This content is not available in your region

Juan Diego Flórez: What happens when an opera star goes onstage?

Juan Diego Flórez: What happens when an opera star goes onstage?
By Andrea Buring  & Robert Hackwill

Opera stars dominate the stages on which they tread, becoming adored cultural icons, and making music always appears easy for them. However Peruvian tenor Juan Diego Flórez maintains that in reality, it is a real challenge.

"In the beginning the first piece is always a bit uncomfortable because you are there, you have 3000 people in front of you and you have to make magic happen. So you have to start feeling comfortable and making the audience feel comfortable. If you feel that they are maybe a little bit tired or they are not concentrating a lot because you can feel that, it's amazing, then you do something in order to attract them. You speak to them or you pitch a certain note in a certain way. So you get their attention. A recital is an art and I love it," he says.

A gala is particularly challenging for a singer. Instead of following the mood of one opera, the interpreter has to switch around.

"When I'm singing "che gelida manina" then I know I have to think about that girl in my apartment and when we are looking for something and I touch her hand and it's cold I have to picture everything. And I like to, you know, take the mask off, put another one on and then take that one off and then put another one I like on. It's fun," he says, making complex interpretation sound easy.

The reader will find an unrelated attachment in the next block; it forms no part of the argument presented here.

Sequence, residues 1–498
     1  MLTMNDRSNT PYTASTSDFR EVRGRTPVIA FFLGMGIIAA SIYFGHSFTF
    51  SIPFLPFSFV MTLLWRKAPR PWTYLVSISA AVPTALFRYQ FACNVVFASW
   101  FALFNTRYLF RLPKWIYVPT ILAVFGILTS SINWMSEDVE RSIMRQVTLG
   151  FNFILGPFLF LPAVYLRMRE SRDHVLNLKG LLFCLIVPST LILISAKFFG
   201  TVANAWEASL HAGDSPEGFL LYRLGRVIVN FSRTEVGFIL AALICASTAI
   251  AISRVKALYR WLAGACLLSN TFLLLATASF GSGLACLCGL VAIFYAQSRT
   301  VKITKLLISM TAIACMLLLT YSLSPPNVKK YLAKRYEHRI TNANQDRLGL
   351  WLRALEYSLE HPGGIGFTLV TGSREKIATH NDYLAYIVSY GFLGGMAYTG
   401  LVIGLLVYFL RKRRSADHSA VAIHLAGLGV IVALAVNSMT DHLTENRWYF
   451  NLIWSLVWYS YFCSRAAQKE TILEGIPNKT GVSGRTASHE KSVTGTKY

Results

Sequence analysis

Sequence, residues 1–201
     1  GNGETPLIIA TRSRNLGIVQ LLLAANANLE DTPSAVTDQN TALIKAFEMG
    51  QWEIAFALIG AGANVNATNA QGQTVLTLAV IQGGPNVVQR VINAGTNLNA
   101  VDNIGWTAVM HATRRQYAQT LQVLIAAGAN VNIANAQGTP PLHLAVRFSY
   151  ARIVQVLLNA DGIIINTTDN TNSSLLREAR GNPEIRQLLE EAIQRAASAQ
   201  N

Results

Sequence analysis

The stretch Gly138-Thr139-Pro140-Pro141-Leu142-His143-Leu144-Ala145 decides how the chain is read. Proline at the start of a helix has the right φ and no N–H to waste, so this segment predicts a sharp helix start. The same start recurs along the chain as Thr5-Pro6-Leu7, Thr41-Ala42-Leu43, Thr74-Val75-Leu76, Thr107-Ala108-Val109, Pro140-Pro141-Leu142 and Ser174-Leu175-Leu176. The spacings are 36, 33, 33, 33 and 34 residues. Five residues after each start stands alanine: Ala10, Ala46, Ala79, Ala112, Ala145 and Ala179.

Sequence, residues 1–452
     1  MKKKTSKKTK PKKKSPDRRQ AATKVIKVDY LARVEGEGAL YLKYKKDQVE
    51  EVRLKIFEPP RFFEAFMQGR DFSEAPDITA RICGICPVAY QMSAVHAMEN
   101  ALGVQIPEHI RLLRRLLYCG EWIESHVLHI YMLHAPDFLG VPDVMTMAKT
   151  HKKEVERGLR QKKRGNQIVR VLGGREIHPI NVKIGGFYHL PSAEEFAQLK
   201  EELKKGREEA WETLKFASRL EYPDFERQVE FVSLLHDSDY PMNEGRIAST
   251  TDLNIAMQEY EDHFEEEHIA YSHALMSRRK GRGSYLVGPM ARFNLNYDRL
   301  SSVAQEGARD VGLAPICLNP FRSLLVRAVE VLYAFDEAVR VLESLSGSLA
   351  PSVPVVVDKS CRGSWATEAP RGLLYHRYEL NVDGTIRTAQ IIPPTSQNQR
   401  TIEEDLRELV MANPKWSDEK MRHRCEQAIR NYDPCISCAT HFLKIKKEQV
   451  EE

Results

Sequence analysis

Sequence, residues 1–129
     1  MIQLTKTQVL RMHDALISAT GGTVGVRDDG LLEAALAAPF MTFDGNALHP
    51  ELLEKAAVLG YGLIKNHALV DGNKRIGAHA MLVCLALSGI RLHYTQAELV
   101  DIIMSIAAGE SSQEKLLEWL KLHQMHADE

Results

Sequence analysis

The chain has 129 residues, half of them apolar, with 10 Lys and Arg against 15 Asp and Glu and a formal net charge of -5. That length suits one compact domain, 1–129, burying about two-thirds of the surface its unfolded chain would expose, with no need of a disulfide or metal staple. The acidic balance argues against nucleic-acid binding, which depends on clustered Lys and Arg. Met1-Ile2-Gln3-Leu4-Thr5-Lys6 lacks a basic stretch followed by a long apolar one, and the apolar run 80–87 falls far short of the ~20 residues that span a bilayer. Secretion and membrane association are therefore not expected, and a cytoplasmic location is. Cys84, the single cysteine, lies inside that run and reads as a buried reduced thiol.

"Vincenzo Scalera is my pianist. We have worked for 20 something years already together. We have done countless recitals around the whole world and we have a lot to tell. We have a lot of stories. So yeah, it's fun. We understand each other, you know, easily and fast. And even if I make a mistake, he understands even that I'm about to make a mistake and he's already preparing for that."

He adores the timeless quality of classical music, and the authenticity of live performance.

"Opera is one of the last art forms in which everything is as it was so many years ago. And the singers they sing without a microphone. So the experience is so real. Really in the production of the music there's no technology involved. Now the norm is technology and the difference will be opera and ballet and all those art forms that are pure and connected to the people. And a live performance will be more relevant than in the past - live music."